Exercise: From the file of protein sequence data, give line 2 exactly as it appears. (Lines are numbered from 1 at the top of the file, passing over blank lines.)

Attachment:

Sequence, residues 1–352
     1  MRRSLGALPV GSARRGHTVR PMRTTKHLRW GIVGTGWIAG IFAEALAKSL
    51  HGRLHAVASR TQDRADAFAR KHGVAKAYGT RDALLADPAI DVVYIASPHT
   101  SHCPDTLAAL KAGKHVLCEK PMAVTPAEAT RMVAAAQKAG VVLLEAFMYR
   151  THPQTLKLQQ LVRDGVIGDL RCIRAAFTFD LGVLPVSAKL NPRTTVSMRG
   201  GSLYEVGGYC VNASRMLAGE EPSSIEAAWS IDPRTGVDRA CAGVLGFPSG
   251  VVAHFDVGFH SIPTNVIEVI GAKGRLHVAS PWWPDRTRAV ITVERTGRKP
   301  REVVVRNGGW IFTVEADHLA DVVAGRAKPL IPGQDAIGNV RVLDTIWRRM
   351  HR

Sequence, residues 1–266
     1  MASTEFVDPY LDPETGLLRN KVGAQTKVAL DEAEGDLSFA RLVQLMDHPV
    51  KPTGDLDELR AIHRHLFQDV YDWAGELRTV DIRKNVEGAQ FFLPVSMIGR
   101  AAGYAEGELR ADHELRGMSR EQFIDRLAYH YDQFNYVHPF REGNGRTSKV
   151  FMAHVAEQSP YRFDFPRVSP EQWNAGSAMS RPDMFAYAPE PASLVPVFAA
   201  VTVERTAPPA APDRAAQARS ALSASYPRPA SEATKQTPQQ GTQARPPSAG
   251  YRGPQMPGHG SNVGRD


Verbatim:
     1  MRRSLGALPV GSARRGHTVR PMRTTKHLRW GIVGTGWIAG IFAEALAKSL